Opinion: Why FAA And Boeing Should Take New 777-9 Certification Path

Boeing 777-9
Credit: Boeing

The FAA’s May 13 letter to Boeing’s FAA-designated safety oversight liaison indicates that Boeing continues to struggle with its delegation—or authority granted by the safety agency to perform certain certification functions such as approving engineering design data on its behalf (AW&ST July 12-25, p. 14). The troubling situation begs the question: Is there a better way?

During certification, the FAA, or an Organization Designation Authorization (ODA) of company employees acting on the agency’s behalf, will issue a Type Inspection Authorization (TIA) for regulatory compliance-testing when two general conditions are met. The applicant must demonstrate that its aircraft is safe and conforms to the design presented to the agency. TIA issuance is a turning point in any program. It is serious business. The agency has lost test pilots and engineers, and the TIA process is intended to mitigate risk. It signifies that the FAA accepts the manufacturer’s declaration of safety and airworthiness and authorizes FAA flight-test pilots and engineers to begin compliance-testing.

The fact that the letter is addressed to Boeing’s ODA lead administrator is troubling. That person is—or should be—the FAA’s bulwark inside the company in lockstep with the FAA. Their duty includes holding the line when necessary, which can be a difficult task because of enormous financial and schedule pressure associated with all aircraft programs.

An ODA is a de facto branch of the FAA, separate from the applicant while at the same time housed within the applicant’s organization and staffed by its employees. In the Boeing 777-9 case, it appears the ODA suggested to the FAA, on Boeing’s behalf, that the prototype airplane is ready for certification testing. The FAA clearly disagrees and felt it necessary to scold the Boeing ODA.

The FAA’s letter declares in numerous ways that the type design is not adequately “mature” for TIA issuance; the term is used six times in the letter. Ultimately, TIA issuance is a judgment call made after the FAA has gathered and reviewed all the necessary data and consulted with stakeholders. Emphasizing lack of maturity in a program that Boeing and its ODA feel is ready for certification testing is the FAA’s way of expressing concern with Boeing and its ODA.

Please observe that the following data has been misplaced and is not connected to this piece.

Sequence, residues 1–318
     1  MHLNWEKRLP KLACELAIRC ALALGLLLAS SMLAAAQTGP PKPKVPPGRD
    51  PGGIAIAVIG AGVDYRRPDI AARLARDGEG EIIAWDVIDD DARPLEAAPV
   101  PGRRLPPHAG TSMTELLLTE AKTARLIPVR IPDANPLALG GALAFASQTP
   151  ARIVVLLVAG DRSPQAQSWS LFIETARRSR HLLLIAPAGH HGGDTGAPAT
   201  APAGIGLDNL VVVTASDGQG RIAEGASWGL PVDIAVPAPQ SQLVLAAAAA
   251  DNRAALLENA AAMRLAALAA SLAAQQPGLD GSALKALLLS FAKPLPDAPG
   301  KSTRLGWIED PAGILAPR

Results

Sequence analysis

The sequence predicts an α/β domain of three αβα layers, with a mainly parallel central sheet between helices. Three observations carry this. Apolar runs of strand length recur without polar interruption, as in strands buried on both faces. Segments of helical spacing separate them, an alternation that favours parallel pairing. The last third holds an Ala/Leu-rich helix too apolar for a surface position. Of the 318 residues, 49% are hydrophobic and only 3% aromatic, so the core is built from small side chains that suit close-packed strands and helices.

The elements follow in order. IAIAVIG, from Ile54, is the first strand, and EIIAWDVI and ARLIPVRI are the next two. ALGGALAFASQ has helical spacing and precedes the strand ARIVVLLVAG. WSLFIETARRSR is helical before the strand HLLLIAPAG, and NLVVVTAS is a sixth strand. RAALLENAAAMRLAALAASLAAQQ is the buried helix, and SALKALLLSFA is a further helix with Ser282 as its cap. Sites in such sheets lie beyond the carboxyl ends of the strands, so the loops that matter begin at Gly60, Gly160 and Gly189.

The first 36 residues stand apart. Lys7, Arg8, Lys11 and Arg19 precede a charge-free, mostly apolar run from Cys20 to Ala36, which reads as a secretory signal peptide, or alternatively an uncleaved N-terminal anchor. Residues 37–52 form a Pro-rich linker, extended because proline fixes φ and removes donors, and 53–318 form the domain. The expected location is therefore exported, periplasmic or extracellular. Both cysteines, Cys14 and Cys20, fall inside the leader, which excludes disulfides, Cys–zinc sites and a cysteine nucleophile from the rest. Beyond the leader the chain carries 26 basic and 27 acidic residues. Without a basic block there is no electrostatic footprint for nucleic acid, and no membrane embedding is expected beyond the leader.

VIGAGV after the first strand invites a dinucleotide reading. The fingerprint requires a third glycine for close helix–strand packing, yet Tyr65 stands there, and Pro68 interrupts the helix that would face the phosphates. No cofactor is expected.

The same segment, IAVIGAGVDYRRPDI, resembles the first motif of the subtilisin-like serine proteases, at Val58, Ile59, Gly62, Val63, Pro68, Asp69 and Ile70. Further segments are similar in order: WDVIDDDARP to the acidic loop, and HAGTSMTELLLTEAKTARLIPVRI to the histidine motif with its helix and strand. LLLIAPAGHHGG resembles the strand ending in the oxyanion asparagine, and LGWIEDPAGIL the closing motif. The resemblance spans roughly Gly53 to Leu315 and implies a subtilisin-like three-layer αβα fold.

The letter raises 11 technical and process-related issues, but one stands out: an “un-commanded pitch event” in December 2020. “After the un-commanded pitch event, the FAA is yet to see how Boeing fully implements all the corrective actions identified by the root cause investigation,” the letter says.

The agency is often and correctly described as a technical organization in a political world. It must assure aviation safety with robust professional oversight while fostering a public perception of safety. The FAA is hypersensitive to public perception. It is not a stretch to see reports of an uncommanded pitch event in flight test evoking memories of the two Boeing 737 MAX accidents caused by uncommanded pitch events. The FAA’s displeasure over Boeing’s poor performance in implementing corrective action goes beyond technical nuance. It implies that Boeing is insensitive to the FAA’s accountability to the public.

A letter such as this would certainly have been coordinated within the FAA up to the highest levels. It clearly indicates that all is not well with Boeing, their ODA and especially their relationship with the FAA.

Aircraft Certification, the FAA organization responsible for all aircraft designs, production and continued operational safety, has fewer than 1,400 employees. Although the delegation is frequently attacked as “the fox guarding the hen house,” it is absolutely essential for industry competitiveness and FAA effectiveness in assuring safety.